Your roof protects everything and everyone underneath it. So, hailstorm damage and subsequent roof leaks can create huge headaches.  Most homeowners have insurance policies to cover unexpected damage caused by hailstorms. But, the storm damage insurance claims process is often very complex and confusing. The purpose of this article is to explain the insurance claims process for roof damage from wind and hailstorms. This includes whether to file a claim, when to file, and how to ensure all damage is covered. 

hail on residential roof and storm damage claims

Homeowners’ Insurance Policy

Before diving into the claims process, it’s important to understand the specifics of your insurance policy. What coverage is provided? How long do you have to file a claim? What is your deductible? The coverage and cost of roof damage could vary greatly depending on the details of your policy. Here are some key terms and coverages to look for in your policy:

home insurance Homeowners Insurance Policy and Storm Damage Info

Actual Cash Value vs Replacement Cost Value. 

When it comes to storm damage roof insurance claims, there are two basic types of policies. Those are Actual Cash Value (ACV) and Replacement Cost Value (RCV) policies. The best way to explore the differences here is to look at a hypothetical claim. So, let’s assume the following facts: (i) You suffered hailstorm damage to your roof, (ii) your roof was last replaced 8 years ago (iii) your insurance deductible is $2,500 ,and (iv) For an average-sized asphalt shingle residential roof, the roof should cost about $16,000 and have an expected life of around 20 years. This roof is currently 8 years old. So its’ current depreciated value is around $9,600, based on its remaining useful life (60% of $16,000).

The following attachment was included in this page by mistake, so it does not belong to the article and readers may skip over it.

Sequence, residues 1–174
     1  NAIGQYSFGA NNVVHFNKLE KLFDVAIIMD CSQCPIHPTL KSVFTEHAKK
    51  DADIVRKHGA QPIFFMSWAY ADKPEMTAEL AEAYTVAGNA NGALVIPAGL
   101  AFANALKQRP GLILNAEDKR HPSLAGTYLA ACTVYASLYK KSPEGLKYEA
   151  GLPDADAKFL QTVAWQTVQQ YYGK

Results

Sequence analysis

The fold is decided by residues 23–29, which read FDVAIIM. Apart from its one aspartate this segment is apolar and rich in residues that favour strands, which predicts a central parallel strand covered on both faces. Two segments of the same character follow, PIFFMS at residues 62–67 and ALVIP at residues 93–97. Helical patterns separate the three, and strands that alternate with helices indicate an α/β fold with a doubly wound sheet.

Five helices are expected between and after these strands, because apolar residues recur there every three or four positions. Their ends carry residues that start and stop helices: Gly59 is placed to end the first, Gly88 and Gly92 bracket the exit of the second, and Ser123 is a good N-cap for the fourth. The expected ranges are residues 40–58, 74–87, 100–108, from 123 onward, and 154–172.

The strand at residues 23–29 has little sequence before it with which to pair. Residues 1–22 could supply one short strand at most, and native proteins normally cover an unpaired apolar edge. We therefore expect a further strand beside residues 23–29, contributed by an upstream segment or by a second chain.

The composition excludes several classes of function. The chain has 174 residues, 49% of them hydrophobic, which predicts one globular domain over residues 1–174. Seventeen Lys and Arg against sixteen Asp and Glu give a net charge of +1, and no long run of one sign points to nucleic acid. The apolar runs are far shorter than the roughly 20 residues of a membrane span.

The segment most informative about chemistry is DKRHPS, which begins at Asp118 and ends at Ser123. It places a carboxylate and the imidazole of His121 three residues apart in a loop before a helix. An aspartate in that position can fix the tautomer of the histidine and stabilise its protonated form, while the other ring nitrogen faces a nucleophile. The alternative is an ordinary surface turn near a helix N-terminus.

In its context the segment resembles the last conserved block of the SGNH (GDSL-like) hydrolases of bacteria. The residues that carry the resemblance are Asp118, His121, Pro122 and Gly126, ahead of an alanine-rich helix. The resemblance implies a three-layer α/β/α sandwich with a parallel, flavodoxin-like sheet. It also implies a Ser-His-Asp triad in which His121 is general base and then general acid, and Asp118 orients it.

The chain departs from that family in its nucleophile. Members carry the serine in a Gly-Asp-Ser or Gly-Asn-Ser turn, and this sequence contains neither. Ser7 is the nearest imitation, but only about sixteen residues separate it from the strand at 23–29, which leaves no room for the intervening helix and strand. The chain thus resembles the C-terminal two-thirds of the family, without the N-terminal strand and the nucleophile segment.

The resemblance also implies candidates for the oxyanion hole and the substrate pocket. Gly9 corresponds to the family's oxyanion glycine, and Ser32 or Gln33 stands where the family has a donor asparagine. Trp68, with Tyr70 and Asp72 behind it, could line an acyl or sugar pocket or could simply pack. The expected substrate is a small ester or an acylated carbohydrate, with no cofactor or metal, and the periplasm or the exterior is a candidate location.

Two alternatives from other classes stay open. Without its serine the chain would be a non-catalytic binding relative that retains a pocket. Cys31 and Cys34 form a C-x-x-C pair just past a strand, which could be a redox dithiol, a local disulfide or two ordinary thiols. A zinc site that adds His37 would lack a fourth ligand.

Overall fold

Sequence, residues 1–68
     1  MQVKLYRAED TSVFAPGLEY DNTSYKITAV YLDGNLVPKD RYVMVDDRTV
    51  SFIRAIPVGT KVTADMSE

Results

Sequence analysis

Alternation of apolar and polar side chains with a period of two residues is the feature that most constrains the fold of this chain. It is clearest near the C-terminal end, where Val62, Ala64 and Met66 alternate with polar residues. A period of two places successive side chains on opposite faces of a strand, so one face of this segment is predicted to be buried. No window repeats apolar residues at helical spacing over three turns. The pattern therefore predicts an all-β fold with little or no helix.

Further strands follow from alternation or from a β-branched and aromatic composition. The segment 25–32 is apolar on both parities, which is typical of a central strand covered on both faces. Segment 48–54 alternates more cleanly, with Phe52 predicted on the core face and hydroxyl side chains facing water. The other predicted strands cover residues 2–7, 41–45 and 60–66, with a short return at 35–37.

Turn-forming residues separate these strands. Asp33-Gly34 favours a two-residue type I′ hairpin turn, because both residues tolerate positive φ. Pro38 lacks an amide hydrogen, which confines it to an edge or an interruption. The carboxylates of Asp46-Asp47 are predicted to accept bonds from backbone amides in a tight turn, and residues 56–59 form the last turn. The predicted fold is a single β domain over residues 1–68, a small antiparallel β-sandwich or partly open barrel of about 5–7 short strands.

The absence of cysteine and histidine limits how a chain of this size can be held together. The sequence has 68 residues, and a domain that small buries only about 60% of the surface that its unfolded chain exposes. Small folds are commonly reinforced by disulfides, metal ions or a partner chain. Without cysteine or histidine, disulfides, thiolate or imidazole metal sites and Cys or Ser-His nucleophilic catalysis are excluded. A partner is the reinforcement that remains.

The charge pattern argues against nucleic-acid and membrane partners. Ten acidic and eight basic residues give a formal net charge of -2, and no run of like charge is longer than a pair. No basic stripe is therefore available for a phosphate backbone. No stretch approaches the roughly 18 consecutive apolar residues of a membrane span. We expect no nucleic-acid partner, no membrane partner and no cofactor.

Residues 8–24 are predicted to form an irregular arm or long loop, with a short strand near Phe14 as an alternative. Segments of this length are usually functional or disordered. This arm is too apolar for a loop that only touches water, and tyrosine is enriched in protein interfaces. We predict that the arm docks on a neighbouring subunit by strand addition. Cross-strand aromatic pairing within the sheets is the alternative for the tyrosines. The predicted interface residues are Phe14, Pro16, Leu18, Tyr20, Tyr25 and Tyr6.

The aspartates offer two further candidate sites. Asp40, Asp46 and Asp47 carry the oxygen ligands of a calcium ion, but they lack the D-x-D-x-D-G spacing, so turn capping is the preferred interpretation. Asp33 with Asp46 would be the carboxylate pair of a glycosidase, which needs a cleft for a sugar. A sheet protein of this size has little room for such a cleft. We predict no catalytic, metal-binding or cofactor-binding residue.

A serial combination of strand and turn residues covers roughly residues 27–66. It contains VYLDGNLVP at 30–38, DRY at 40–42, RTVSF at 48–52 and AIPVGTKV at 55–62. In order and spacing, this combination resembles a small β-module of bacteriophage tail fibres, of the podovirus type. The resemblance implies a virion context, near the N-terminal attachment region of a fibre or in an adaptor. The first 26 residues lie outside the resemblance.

actual cash value

Actual Cash Value (ACV) Policy

With an ACV policy, the insurance company only pays for the actual depreciated value of that roof, minus your deductible. So, for this claim the insurance company will issue a scope of damages that lists the full replacement cost, but they will only pay for the current depreciated value of the roof. That amount would be $9,600. But from that amount they will subtract your deductible of $2,500 and issue a check to you for $7,100.  Now, we have already established that the cost to replace the roof is $16,000. That means you are going to have to pay for most of this roof out of pocket.  With an approved ACV claim, the insurance adjuster will deliver a check to you and you are on your own to get the roof replaced.  The storm damage insurance claims process is simpler with an ACV policy, but it’s more costly for you.  

Often homeowners don’t realize they have an ACV policy until it is too late. An ACV policy does come with a lower premium.  That’s why it may seem attractive for someone looking to cut costs or someone who is only planning to be in a home for a few years. However, in Colorado, where hailstorms and high winds are prevalent, it’s probably not a risk worth taking. Talk to your agent and you can make your own informed decision. 

Replacement Cost Value (RCV) Policy

With an RCV policy, which is what most homeowners have, the claim will look different. With an RCV policy, the insurance company will once again issue a scope of damages listing the full replacement cost. But this time they will pay the full cost to replace the roof minus your deductible. So, in this case, they would pay a total of $13,500 towards your new roof.  That’s the full $16,000 replacement cost minus your $2,500 deductible. The process would be a little different here too.